• 2-inch (5 cm) rainfall: For all products, 2 inches of rain will remove enough insecticide to make immediate re-application necessary.

It is important to note, not all products registered for the selected pests were included in this study. Refer to Publication 360 for a complete list of management options.

Rainfastness of Fungicides

There is no comparable research on rainfastness of fungicides and few labels provide this kind of information. A general rule of thumb often used is that 1 inch (2.5 cm) of rain removes approximately 50% of protectant fungicide residue and over 2 inches (5 cm) of rain will remove most of the residue. However, many newer formulations or with the addition of spreader-stickers, some products may be more resistant to wash-off. Avoid putting on fungicides within several hours before a rainstorm as much can be lost to wash-off regardless of formulation. As well, there are exceptions to the general rule in regard to truly systemic fungicides such as Aliette and Phostrol.

The effectiveness of sticker-spreaders with fungicides is variable and product/crop specific. Penetrating agents don’t help strobilurins; in fact, some fungicide/crop combinations have been associated with minor phytotoxicity due to excessive uptake. Captan, which is intended to stay on the surface, is notorious for causing injury when mixed with oils or some penetrating surfactants that cause them to penetrate the waxy cuticle.  Consult labels for minimum drying times for individual products and recommendations for using surfactants.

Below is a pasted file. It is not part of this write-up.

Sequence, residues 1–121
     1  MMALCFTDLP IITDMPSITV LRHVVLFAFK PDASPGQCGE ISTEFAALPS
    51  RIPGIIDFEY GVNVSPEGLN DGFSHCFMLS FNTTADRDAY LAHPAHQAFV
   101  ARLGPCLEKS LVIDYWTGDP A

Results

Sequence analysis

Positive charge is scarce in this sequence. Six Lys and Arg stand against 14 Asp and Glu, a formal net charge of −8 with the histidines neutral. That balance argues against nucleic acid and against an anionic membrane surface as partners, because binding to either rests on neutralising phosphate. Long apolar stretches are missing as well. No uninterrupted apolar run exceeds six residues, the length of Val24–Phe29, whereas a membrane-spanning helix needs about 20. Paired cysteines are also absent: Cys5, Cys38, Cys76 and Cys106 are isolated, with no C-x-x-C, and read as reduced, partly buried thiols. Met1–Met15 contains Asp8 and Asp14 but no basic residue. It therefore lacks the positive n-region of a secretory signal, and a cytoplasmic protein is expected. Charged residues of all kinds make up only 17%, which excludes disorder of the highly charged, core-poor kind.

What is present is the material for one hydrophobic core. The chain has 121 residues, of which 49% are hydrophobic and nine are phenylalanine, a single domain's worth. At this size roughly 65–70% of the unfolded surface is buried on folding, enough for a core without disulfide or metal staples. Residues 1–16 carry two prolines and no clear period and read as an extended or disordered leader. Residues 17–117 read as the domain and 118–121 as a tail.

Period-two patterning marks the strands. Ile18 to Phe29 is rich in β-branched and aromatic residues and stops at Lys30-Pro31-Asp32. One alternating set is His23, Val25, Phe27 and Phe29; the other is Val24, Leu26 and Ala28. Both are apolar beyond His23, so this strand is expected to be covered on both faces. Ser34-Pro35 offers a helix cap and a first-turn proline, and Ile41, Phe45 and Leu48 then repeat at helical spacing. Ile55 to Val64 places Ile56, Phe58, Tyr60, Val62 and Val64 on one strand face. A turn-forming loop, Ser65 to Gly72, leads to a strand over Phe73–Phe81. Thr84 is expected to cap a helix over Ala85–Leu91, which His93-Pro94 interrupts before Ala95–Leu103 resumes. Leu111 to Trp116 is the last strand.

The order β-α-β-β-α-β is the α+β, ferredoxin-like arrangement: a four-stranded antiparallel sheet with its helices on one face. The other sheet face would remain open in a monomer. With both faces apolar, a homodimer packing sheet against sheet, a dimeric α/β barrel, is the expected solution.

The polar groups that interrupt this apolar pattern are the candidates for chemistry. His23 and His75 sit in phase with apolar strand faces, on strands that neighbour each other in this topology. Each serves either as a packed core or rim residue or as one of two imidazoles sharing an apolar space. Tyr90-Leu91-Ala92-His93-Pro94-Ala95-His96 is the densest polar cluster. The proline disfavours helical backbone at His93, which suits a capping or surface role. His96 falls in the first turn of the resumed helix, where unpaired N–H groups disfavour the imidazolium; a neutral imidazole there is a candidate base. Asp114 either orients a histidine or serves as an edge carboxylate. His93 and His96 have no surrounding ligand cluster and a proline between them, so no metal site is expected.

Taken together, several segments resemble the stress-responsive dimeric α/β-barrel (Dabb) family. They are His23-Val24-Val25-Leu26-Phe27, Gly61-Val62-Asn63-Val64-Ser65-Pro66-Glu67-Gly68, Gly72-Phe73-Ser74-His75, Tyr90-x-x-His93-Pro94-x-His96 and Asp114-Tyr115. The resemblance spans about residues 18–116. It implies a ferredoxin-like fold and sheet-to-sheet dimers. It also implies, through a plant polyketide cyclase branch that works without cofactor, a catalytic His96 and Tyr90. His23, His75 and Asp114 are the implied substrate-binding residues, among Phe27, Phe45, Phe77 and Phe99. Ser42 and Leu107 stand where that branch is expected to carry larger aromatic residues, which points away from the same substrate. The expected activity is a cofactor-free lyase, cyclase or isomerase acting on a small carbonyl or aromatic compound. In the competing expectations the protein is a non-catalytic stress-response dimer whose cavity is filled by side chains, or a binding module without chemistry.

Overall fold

Annemiek Schilder, Michigan State University suggests the following to improve fungicide efficacy during wet weather:

  • During rainy periods, systemic fungicides tend to perform better than protectant (or contact) fungicides since they are less prone to wash-off.
  • Applying a higher labelled rate can extend the residual period.
  • Apply protectant fungicides such as captan (Supra Captan, Maestro), mancozeb (Manzate, Dithane, Penncozeb) and metiram (Polyram) during sunny, dry conditions to allow for quick drying on the leaves. These types of fungicides are better absorbed and become rainfast over several days after application.
  • Apply systemic fungicides such as sterol inhibitors (Nova, Fullback, Inspire Super), SDHI (Fontelis, Sercadis, Kenja, Aprovia Top, Luna Tranquility) and strobilurins (Flint, Sovran, Pristine) under humid, cloudy conditions. The leaf cuticle will be swollen, allowing quicker absorption. In dry, hot conditions, the cuticle can become flattened and less permeable, so product can breakdown in sunlight, heat or microbial activity or be washed off by rain.

Click here to refer to the complete article.